It begins with the bombastic and spooky-yet-comical “Assault on Enigma” before launching into the mechanical and piston driven percussion of “Demon Transformation,” the whimsical strings and woodwinds of “Claw Knights,” and the seriously spooky “Guriam Borderland.” It’s then on to the alternating determined and chill “Philosopher’s Tower,” the desolate “Ancient Fortress” featuring sitar, and the playful “Slapstick Castanet” with accordion, marimba, and bassoon. There’s the dancey “Jillian’s on Stage,” the rapid-fire Celtic strings and brass stabs of “Duel,” and the regal and sinister “House of the Lord.” “Crescent Hot Spring Town” is contemplative and features swaying strings and toy percussion, “Rallying Man” is energetic and adventurous with a signature Sakimoto aesthetic, and “Trumbull Dominion” is slow and brooding and includes tinges of jazz. The closer, “The Snow Girl and the Three Santas,” sports a huge big band with brass, tambourine, bells, and an appropriately celebratory mood.
The final album in the series can be purchased physically on CD Japan and digitally on iTunes. Feel free to catch up on the rest of the albums in the series here.
We’re nearing the end with Basiscape’s massive CARAVAN STORIES soundtracks. This Japanese mobile/PC RPG’s soundtrack spans eight volumes, each dedicated to a different race from the game. Volume 7 is focused on the lizardmen, and is appropriately bleak and ominous. Composition duties are largely split between Basiscape’s Kazuki Higashihara and Yoshimi Kudo.
The album opens with the exotic and ominous percussion and tense strings of “Hugo’s Cauldron” before jumping into the pumping bass, epic bell tolls, and intense strings and woodwinds of “Bunwaii Desert” and it’s night variant with folksy guitar. The battle-like “Burning Blade” with its explosive percussion and ascending string stabs might remind you of Final Fantasy Tactics, while the electronic percussion, grandiose strings, bagpipes, and sense of tragedy in “Lloyd-Hann” is also a highlight. There’s the robot-like “Kinsfolk Fractured Zone,” marimba and bass synth in the comical yet frantic “Voracity of Chaos,” gurgling synths and pounding percussion in “Tyrant of Chaos,” intensely catchy synth lines in “Power Struggle -Inferiority-,” and an industrial sound with a wonderful chorus in “Battle with Head of Warrior.” Rounding out the album are the militaristic march, “Hero’s Trial,” a spooky waltz with a male operatic lead incorporating the main theme in “Caravan Trip -Festival of the Dead,” a broodier male vocal track with an auto-tuned backup choir in “Mansion from the Depths,” and a surprisingly serene and otherworldly version of the main theme titled “Caravan Trip -New Year-.”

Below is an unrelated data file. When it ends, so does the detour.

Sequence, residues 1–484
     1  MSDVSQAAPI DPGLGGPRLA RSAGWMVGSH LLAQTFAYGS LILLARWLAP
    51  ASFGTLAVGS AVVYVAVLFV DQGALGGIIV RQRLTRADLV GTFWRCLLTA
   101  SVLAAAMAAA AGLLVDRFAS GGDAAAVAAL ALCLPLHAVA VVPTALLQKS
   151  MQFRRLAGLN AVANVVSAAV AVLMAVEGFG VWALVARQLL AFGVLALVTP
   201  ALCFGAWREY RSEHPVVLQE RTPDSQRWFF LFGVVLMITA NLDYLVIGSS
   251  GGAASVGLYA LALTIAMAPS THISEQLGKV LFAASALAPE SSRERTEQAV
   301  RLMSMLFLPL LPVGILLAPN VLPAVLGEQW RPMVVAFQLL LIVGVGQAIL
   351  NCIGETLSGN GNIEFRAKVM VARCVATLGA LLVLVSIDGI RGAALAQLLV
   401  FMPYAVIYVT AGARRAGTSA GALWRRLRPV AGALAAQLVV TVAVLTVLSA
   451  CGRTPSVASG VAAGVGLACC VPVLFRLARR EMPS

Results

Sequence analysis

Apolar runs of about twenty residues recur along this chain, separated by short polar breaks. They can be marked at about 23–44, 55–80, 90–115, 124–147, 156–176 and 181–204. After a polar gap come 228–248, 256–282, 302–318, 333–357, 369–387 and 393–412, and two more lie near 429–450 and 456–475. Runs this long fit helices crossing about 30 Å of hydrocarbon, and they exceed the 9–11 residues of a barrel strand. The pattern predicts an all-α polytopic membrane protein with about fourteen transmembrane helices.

There’s one volume remaining in the CARAVAN STORIES series. Watch out for that soon. In the meantime, Volume 7 can be purchased on CD Japan. It’s also available digitally on iTunes. Information on past volumes can be found here.